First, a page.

FACE’s original objectives to absorb large quantities of CO2, made them promote the mistaken notion that monoculture plantations are equivalent to forests[4] (para. 5), focusing their efforts on obtaining the perverse incentive that ignores the ecological impacts large-scale monoculture plantations can have when increased carbon credit and economic resources are there to be obtained. Thus, in the case of the pine plantation in Mojandita, an awry form of Community-Based Natural Resource Management was established that not only brought the negative social consequences already explained, but also others of ecological significance.

The Negative Ecological Consequences on the Páramo

A Pinus spp. plantation in Ecuador, a non-native genus to all of South America.

The 150 hectares from the territory of the Mojandita community were replaced with a Pinus spp. monoculture plantation – a non-native genus to all of the South-American territory. The recruitment of native species is commonly seen as preferable to the wide-spread use of exotic genera (e.g. Eucalyptus spp. and Pinus species)[11] (p. 2710). Since they are associated with increases in habitat value, but also with a more stable growth performance due to better adaptation to local climatic conditions[11] (p. 2710). However, in Ecuador, insufficient knowledge regarding ecology and proper management of native tree species currently limits the implementation of such practices[11] (p. 2710).

As has been mentioned, the community's land is located in a high altitude Páramo grassland ecosystem. Páramos range from approximately 3,200m to 4,700m above sea level and have been recognized for their high levels of biodiversity and endemism[12] (p. 10). Precipitation is highly variable, ranging from 700 mm up to 3000 mm[13]. More recently, they have been recognized for their role in regional hydrology as well as for their rapid rates of soil carbon accumulation[12] (p. 10). Many of the largest tributaries of the Amazon basin have their headwaters in the Páramo [14]. According to Conservation International, this unique ecosystem provides Quito, Ecuador’s capital, with half of its water supply[2]. It also is the major water source for the Andean highlands and a vast area of arid and semi-arid lowlands, where Páramo water is used for domestic, agricultural, and industrial consumption, and the generation of hydropower downstream[14]. Moreover, these ecosystems are valued for their high soil carbon storage, partly derived from the properties of their soils, predominantly Andisols, which stabilize large amounts of soil organic matter[15] (p. 397). While the carbon-market and PES schemes primarily focus on intensifying terrestrial carbon storage through the enhancement of above-ground biomass through afforestation, reforestation and avoided deforestation, below-ground carbon can constitute a large fraction of total carbon stored [15].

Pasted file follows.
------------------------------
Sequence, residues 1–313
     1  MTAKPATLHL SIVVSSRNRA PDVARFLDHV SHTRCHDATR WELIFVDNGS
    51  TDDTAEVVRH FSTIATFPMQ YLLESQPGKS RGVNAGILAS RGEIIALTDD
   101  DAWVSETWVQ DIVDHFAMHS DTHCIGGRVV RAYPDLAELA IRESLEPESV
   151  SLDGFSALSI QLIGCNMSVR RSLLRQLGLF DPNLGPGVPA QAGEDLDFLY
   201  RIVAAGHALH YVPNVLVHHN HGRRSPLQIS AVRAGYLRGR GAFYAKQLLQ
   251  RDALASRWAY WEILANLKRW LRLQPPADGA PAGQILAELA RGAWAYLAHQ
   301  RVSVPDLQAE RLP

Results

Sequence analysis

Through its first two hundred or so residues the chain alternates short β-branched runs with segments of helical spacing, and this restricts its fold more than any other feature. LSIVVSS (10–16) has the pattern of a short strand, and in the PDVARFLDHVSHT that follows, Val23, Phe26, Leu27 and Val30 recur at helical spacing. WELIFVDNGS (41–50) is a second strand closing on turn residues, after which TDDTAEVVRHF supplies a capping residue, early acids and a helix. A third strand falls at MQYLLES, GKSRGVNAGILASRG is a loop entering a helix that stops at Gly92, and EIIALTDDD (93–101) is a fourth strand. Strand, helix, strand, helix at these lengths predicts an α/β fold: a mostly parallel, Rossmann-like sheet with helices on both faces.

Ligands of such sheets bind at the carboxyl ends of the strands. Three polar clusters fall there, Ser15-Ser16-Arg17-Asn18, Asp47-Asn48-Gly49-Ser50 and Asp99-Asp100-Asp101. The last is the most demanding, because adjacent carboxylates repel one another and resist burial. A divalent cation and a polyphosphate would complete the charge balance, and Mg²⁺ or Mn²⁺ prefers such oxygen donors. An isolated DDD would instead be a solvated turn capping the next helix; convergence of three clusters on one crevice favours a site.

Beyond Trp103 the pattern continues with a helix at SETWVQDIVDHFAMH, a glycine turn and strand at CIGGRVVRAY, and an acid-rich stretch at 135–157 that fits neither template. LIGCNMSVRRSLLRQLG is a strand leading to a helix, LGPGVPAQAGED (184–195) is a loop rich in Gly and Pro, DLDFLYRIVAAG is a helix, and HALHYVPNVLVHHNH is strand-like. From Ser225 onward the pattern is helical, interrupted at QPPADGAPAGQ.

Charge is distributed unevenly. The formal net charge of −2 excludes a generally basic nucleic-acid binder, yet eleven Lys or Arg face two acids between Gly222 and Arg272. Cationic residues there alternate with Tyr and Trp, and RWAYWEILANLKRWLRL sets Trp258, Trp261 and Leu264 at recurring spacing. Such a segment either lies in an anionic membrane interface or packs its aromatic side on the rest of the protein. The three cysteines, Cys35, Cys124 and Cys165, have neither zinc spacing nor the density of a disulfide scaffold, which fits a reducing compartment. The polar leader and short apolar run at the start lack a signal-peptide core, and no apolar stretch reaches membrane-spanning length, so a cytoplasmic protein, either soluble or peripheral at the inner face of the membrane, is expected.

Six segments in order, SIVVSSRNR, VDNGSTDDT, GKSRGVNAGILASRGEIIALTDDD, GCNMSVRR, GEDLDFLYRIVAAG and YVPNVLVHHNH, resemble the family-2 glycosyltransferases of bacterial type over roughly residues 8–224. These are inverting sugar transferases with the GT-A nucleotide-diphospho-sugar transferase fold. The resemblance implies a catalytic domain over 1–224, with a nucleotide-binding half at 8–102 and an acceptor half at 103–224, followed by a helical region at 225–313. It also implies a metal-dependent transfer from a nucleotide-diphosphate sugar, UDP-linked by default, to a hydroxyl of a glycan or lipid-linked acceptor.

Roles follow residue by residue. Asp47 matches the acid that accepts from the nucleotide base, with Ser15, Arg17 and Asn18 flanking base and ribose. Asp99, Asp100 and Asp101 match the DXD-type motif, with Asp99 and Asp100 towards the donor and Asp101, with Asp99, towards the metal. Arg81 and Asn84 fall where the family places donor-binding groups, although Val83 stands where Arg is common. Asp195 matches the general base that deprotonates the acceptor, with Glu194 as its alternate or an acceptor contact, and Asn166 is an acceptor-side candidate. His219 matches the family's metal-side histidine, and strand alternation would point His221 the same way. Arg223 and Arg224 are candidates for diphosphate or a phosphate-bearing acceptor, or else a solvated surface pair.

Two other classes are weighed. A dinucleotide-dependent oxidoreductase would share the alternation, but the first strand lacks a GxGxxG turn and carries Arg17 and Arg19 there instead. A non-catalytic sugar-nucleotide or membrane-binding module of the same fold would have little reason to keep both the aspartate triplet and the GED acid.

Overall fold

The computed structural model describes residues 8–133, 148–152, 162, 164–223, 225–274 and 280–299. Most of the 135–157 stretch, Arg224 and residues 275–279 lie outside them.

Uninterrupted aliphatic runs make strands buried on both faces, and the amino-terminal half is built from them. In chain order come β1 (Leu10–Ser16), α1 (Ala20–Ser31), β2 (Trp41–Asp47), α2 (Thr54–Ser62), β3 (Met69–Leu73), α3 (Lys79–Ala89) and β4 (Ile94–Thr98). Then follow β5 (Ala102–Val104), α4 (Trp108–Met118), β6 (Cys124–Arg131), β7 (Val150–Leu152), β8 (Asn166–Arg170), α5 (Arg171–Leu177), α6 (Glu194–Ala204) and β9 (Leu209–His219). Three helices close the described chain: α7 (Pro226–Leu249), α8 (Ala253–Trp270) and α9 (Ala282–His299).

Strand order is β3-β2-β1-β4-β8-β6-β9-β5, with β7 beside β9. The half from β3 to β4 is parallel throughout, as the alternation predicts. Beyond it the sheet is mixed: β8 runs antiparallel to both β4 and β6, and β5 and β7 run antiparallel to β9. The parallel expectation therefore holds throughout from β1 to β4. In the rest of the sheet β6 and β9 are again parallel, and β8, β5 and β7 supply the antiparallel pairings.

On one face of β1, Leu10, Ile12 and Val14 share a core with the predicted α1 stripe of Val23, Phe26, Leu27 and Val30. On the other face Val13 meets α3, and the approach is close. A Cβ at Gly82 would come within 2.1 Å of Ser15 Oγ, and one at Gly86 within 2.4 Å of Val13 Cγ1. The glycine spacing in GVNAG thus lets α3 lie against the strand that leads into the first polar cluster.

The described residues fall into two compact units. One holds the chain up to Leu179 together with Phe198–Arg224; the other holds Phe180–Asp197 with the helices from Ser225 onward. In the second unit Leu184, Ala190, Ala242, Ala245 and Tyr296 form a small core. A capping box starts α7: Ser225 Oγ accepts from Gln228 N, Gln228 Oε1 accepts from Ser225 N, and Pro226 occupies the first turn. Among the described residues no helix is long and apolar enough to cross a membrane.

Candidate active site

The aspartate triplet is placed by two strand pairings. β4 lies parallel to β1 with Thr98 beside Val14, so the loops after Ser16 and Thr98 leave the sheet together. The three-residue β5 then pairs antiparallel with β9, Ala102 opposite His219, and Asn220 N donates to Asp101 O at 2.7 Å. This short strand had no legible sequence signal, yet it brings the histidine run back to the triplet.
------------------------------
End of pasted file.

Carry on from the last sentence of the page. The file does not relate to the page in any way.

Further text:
Over the last decades, human activity has been altering the natural land use of the Páramo with cattle grazing, cultivation, afforestation, building activities and road construction as some of the most common anthropogenic interferences[16] (p. 1). PROFAFOR, the first PES program that targeted Páramo grasslands, replaced this unique ecosystem in its carbon sequestration efforts through afforestation mainly with pine species and few native Andean species[15] (p. 397). From a hydrological point of view, afforestation with pine plantations and cultivation resulted in a strong reduction of water yield and water regulation capacity of Andean Páramo catchments[16] . Studies by Crespo (2010) on land-use changes on this ecosystem revealed: “that pine plantations produce a decrease of annual water yield as a consequence of increased evapotranspiration”[16] (p. 1). As well as the recommendation that such changes in land use to be limited so as to safeguard the water resources of Andean highlands[16].